I asked several young doctors who have completed medical school in the last 5-10 years which oath they took upon graduation. No one could remember, and some weren’t sure whether they took an oath at all. Really, an oath of any kind is out of place in a culture that doesn’t value making a statement that binds oneself. There is very little agreement on what theory of medical practice to which one might adhere. One of my professors mentioned in her Hippocratic Oath lecture that the prohibition against giving “a woman a pessary to cause an abortion” was not really a prohibition against performing abortions. In the days following World War II, the Physician’s Oath of the World Medical Association pledged “even under threat, I will not use my medical knowledge contrary to the laws of humanity.” Today, the American Medical Association, a WMA member, recognizes there is disagreement on the usefulness of the Hippocratic Oath, states that it’s Principles of Ethics define behavior but are not laws, and notes that regulatory agencies—which do not administer oaths—have the real means to respond to physician behavior.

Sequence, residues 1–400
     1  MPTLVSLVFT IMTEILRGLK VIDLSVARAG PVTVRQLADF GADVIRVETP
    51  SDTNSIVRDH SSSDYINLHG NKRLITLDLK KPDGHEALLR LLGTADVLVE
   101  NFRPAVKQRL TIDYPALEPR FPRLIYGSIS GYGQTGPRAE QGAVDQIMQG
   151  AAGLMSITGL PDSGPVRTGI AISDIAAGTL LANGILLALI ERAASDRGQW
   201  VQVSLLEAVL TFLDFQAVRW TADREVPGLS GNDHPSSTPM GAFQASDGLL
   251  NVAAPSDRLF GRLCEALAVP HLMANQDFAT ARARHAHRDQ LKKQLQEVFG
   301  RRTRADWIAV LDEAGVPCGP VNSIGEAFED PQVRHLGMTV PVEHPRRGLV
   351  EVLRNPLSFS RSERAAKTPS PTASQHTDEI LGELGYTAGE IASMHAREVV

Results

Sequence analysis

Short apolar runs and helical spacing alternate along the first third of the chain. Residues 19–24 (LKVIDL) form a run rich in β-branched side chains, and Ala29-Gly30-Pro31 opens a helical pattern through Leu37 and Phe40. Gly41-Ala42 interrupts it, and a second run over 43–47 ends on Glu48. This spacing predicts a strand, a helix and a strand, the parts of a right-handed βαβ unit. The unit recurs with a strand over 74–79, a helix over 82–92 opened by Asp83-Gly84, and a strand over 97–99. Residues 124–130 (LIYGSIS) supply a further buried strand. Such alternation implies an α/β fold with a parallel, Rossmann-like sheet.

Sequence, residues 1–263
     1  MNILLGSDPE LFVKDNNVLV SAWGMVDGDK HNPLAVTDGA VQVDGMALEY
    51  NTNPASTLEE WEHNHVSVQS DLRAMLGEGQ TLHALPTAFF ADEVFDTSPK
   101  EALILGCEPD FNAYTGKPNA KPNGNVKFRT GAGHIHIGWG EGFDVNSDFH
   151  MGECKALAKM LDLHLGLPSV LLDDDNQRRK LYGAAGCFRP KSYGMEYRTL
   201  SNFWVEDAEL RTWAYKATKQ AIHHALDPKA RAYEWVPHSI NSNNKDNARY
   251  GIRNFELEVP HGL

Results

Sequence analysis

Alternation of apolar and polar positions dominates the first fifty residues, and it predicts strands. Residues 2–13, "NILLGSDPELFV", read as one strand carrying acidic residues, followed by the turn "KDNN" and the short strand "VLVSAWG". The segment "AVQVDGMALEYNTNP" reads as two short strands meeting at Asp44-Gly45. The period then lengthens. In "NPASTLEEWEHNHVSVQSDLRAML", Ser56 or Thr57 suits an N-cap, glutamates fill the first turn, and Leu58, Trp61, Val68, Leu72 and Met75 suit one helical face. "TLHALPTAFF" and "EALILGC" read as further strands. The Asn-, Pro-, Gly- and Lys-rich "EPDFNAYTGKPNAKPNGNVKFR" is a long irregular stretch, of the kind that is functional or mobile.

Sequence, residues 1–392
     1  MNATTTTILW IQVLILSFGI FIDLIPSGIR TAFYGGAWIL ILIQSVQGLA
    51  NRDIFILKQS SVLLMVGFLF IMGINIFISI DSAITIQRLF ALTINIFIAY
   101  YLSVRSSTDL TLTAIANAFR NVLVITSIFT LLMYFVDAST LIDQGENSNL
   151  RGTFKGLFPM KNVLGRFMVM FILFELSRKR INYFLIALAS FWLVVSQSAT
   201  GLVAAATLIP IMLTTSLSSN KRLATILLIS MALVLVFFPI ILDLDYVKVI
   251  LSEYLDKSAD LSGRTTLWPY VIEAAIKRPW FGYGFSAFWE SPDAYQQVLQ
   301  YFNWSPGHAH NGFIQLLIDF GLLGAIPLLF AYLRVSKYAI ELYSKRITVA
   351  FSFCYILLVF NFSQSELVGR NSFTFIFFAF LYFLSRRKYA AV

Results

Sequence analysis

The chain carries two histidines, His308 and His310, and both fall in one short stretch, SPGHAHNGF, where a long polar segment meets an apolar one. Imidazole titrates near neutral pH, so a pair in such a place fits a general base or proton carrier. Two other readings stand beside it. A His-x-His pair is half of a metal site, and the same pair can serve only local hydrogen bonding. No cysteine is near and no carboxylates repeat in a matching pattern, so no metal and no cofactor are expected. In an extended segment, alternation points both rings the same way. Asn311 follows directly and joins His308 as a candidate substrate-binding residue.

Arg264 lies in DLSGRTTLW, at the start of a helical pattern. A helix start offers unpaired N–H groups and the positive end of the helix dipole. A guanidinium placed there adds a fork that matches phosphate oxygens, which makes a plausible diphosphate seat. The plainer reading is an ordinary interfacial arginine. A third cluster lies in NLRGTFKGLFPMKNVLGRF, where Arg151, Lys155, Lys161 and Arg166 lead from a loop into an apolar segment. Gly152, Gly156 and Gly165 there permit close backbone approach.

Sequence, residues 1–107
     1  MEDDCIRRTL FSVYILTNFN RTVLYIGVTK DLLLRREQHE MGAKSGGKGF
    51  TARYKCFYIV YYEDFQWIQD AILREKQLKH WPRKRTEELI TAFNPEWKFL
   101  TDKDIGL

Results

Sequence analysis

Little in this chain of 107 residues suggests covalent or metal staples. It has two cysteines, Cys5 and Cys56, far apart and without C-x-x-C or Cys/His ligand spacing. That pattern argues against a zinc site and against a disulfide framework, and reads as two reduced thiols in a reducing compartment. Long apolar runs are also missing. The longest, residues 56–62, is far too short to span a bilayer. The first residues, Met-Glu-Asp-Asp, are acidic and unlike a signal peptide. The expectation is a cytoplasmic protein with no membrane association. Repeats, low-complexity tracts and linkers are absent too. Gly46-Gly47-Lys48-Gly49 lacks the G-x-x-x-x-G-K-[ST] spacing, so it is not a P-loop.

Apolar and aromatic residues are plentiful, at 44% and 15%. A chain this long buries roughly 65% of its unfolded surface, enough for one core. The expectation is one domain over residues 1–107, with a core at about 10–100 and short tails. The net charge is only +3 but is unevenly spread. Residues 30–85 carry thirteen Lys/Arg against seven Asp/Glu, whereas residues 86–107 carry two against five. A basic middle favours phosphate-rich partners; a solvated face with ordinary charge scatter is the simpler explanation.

Albert Jonsen, et. al’s Clinical Ethics: A Practical Approach to Ethical Decisions in Clinical Medicine states that “physicians must avoid exploitation of patients for their own profit or reputation.” It’s hard to understand how such a platitude is to play out in the real world if physicians do not pledge themselves to it. I heard a doctor once refer to the lucrative nature of a pulmonology specialty as “the gravy train.” Many frame their practice in terms of which procedures bring in income. This seems odd; because according to this model, the absence of illness is a business failure. As Maimonides would say, “the enemies of truth and philanthropy could easily deceive me and make me forgetful of my lofty aim of doing good to Thy children.”